St Alban's Church

Churchill Parken 6, Langelinie, DK 1263, Copenhagen, Denmark | Map

 


Today is: Tuesday 16th, 2019

Dual Citizenship - A Message from the Chaplain

Posted on Monday 2nd May, 2016

My dear friends,

Mary Beard, the well-known Cambridge academic, has published a new book on ancient Roman history. The volume, entitled SPQR (and the accompanying BBC TV series) charts the growth of Rome from its origins as an insignificant village in central Italy to its status as the first global superpower.

One of the many fascinating topics explored by Beard in her characteristically engaging way is the question of why the Romans persecuted Christians with such ferocity and cruelty. After giving the standard answer that it was the clash between Christianity’s strict monotheism and Roman polytheism — the conquerors tended to simply incorporate the conquered Gods into their expanding pantheon — Beard then offers an explanation I had not heard before.

The difficulty the Romans had with Christianity, she says, is that this new religion and its disciples appeared to have “no ancestral home”. Beard writes, “In their ordered religious geography, Romans expected deities to be from somewhere: Isis from Egypt, Mithras from Persia, the Jewish God from Judea. The Christian god was rootless, claimed to be universal and sought more adherents.”

In an important sense, I think she’s right. There is a certain “dual citizenship” about being a Christian. We are — each of us — from a particular place, but that does not exhaust our identity. As Saint Paul writes in his letter to the Philippians, our ultimate belonging and citizenship is in heaven (Philippians 3:20).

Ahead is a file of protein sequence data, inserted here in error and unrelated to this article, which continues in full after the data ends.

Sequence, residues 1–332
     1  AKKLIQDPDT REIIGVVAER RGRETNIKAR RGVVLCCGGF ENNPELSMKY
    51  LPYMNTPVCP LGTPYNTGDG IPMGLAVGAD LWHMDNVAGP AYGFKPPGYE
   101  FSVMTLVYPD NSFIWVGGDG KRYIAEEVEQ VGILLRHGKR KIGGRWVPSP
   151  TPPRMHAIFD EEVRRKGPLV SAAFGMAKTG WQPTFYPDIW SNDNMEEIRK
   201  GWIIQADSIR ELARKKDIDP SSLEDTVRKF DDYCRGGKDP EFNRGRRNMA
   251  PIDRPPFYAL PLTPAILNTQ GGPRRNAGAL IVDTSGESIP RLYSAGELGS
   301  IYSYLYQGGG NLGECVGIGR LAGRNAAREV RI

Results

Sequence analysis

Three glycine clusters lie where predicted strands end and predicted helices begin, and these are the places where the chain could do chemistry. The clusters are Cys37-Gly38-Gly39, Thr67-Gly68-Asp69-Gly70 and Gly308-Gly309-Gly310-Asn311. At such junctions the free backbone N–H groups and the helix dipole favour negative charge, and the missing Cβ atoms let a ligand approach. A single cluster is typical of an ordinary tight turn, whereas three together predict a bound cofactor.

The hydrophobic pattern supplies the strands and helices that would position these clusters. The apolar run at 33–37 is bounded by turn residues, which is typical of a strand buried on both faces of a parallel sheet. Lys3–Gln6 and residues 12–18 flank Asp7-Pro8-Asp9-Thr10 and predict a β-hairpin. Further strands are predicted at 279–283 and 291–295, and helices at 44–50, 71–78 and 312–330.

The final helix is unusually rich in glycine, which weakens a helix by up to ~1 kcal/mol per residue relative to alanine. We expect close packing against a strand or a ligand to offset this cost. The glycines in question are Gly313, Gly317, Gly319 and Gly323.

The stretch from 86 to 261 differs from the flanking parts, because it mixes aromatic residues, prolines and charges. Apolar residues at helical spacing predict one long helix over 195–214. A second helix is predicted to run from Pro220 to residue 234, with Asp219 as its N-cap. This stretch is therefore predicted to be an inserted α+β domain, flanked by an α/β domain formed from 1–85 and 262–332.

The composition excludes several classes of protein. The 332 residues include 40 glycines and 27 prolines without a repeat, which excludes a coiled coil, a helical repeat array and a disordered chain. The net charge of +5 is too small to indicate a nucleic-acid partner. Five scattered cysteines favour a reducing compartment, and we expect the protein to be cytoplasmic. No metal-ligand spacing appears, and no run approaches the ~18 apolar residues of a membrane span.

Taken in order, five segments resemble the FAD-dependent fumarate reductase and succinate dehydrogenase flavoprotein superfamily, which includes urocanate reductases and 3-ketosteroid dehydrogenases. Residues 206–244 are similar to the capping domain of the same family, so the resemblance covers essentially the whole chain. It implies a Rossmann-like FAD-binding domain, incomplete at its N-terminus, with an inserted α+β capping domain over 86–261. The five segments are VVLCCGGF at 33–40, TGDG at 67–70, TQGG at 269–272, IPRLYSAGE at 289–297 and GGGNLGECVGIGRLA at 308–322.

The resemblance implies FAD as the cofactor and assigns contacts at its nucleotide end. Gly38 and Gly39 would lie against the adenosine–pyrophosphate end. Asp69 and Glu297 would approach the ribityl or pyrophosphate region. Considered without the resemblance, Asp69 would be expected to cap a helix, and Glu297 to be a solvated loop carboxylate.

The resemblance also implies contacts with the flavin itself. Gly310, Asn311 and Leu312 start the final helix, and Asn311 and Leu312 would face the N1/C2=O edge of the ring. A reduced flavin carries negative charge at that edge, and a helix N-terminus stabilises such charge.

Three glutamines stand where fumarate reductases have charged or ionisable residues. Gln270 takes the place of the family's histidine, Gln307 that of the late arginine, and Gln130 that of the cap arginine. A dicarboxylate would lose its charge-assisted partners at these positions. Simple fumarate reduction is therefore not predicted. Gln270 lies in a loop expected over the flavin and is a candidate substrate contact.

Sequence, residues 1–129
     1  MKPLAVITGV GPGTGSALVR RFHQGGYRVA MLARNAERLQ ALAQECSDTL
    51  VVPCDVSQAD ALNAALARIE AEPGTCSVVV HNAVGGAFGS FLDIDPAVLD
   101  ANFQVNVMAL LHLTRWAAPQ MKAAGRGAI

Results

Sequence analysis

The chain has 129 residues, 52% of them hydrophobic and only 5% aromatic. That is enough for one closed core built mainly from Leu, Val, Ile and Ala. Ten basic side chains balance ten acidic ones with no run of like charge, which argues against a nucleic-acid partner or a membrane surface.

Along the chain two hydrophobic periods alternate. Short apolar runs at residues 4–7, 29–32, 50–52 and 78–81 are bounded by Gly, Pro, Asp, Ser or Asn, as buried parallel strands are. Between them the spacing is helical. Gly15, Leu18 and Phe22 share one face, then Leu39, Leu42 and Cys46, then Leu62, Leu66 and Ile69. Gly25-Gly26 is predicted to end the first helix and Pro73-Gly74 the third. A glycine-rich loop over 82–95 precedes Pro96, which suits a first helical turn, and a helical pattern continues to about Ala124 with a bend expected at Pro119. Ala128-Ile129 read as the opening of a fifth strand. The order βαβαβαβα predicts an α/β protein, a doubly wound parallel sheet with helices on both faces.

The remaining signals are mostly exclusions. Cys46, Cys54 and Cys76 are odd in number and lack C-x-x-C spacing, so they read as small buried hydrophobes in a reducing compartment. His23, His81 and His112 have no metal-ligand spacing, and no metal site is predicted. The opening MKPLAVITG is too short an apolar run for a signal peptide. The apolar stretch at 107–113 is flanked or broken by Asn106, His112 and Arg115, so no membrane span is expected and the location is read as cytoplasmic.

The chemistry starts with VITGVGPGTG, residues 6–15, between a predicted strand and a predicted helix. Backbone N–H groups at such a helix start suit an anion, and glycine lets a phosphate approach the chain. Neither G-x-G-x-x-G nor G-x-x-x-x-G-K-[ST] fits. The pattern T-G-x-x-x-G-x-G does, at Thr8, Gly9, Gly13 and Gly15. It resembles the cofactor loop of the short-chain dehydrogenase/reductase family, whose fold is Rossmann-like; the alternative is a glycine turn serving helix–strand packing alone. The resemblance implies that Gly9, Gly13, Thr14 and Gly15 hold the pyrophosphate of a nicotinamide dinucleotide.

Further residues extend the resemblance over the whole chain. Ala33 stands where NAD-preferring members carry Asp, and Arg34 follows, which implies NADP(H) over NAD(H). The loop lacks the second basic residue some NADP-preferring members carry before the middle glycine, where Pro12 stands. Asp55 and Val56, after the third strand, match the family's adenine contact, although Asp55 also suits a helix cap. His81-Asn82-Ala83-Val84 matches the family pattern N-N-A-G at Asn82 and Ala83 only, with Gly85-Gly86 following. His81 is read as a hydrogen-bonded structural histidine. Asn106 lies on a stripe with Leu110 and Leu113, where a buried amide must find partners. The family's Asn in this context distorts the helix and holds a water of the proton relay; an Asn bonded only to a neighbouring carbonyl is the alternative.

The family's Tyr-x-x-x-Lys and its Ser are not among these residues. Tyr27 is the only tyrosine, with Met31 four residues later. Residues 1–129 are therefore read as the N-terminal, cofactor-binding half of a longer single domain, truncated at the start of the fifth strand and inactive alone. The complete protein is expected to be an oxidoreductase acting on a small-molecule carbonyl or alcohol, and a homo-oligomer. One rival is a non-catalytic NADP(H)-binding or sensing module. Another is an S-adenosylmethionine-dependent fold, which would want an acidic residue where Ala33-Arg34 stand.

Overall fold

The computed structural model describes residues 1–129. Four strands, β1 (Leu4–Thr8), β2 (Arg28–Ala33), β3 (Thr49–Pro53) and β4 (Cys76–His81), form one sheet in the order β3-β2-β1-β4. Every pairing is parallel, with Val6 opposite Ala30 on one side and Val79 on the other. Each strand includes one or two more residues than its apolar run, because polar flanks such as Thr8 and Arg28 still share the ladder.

It’s one of the themes of the forthcoming Feast of Pentecost when we remember how the Holy Spirit empowered the Disciples to communicate the Good News to diverse peoples and cultures in their own mother tongue. Just like those earliest Christians, we too are inspired (literally “breathed upon or into”) by the Spirit of God and called to honour our diversity, whilst at the same time celebrating our unity in Christ.

So, this Pentecost we will once again have a “Many Voices, One Spirit” service. The Sunday morning Eucharist on 15 May will feature lessons and prayer in several different languages and will be followed by an informal pot luck lunch where you are invited to bring some of your national dishes to eat and share. I am also asking people to consider wearing their national costume to Church that Sunday, or to wear an item of red clothing, red being a liturgical colour associated with the Holy Spirit.

My hope is that this special Pentecost service will inspire (that word again!) us to even closer connection with one another and with God, and remind us of that unique “dual citizenship” we hold as followers of Christ.

Darren.



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Service Times

Copenhagen:

  • Sunday
    Sung Eucharist 10:30am
  • Wednesday
    Holy Communion 10:30am

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